Object. It is well established that posttraumatic secondary ischemia contributes to poor outcome. Ion dysfunction leading to cytotoxic edema is a primary force in the formation of ischemic brain edema and is a principal component of traumatic brain swelling. Because cell swelling is the result of net ion and water movement, it is crucial to have a thorough understanding of these transient phenomena. The purpose of this study was to characterize the effects of secondary ischemia following traumatic brain injury (TBI) on the ability to restore ion homeostasis.
Methods. Twenty-four Sprague—Dawley rats were divided into four groups of six animals each. The rats underwent transient forebrain ischemia via bilateral carotid artery occlusion combined with hypotension: 15 minutes of forebrain ischemia (Group 1); 60 minutes of forebrain ischemia (Group 2); impact acceleration/TBI (Group 3); and impact acceleration/TBI followed by 15 minutes of ischemia (Group 4).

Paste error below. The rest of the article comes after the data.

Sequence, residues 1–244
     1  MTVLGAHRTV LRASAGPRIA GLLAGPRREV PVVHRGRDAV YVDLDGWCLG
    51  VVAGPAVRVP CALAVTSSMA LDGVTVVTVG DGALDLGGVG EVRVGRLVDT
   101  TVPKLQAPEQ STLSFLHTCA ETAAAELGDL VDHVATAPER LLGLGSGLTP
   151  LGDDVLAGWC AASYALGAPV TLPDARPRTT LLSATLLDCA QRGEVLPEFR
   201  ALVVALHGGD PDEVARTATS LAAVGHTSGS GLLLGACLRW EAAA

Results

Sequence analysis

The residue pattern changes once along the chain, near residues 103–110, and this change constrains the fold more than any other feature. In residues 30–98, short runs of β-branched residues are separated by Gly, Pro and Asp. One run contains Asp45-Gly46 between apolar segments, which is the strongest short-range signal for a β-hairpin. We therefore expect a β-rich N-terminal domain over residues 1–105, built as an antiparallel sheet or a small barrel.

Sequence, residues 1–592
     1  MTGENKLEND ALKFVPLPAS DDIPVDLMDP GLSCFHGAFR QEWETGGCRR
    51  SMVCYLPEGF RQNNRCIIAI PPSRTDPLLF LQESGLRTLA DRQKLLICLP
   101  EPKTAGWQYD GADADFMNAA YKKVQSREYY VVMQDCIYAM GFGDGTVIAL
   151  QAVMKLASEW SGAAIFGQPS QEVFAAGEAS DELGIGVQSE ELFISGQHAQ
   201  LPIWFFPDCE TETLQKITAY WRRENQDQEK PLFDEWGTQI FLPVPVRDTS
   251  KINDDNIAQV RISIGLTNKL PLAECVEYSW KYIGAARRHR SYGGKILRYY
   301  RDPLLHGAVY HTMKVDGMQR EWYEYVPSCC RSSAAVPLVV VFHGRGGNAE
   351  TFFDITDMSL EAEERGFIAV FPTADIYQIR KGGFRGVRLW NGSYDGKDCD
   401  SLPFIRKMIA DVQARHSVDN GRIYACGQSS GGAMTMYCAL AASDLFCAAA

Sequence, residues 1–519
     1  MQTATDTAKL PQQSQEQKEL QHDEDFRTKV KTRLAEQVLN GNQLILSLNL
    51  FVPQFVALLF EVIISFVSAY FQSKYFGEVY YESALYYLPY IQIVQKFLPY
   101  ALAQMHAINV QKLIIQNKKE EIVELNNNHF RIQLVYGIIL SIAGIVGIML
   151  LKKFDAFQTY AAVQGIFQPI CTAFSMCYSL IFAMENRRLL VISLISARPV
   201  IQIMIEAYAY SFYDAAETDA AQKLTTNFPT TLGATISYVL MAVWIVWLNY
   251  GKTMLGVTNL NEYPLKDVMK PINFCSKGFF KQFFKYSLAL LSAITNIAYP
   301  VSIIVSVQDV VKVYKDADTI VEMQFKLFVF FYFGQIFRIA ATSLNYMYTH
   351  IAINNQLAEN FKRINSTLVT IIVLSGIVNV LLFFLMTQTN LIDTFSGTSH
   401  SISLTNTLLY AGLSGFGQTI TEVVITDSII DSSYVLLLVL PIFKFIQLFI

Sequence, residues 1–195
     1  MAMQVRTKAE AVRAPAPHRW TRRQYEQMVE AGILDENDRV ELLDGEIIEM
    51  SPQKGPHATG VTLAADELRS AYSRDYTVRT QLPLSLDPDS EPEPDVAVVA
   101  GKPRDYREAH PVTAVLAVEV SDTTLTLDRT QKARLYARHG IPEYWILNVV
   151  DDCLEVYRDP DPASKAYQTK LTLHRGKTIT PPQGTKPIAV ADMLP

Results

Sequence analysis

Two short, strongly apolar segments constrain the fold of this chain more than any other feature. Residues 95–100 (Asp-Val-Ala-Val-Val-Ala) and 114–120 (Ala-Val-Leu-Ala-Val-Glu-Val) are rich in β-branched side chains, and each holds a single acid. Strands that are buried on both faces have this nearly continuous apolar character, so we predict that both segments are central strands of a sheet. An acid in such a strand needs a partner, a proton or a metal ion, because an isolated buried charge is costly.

Ischemia resulted in a rapid accumulation of [K+]e: 41.94 ± 13.65 and 66.33 ± 6.63 mM, respectively, in Groups 1 and 2, with a concomitant decrease of [Na+]e: 64 ± 18 mM and 72 ± 11 mM in Groups 1 and 2. Traumatic brain injury resulted in a less severe although identical trend in ion dysfunction ([K+]e 30.42 ± 11.67 mM and [Na+]e 63 ± 33 mM). Secondary ischemia resulted in prolonged and sustained ion dysfunction with a concomitant elevation of intracranial pressure (ICP).
Conclusions. Analysis of these results indicates that ischemia and TBI are sublethal in isolation; however, when TBI is associated with secondary ischemia, ion dysfunction is sustained and is associated with elevated ICP.
Address reprint requests to: Anthony Marmarou, Ph.D., Department of Neurosurgery, Virginia Commonwealth University, P.O. Box 980508, 1001 East Broad Street, Old City Hall, Suite 235, Richmond, Virginia 23298–0508. email: firstname.lastname@example.org.
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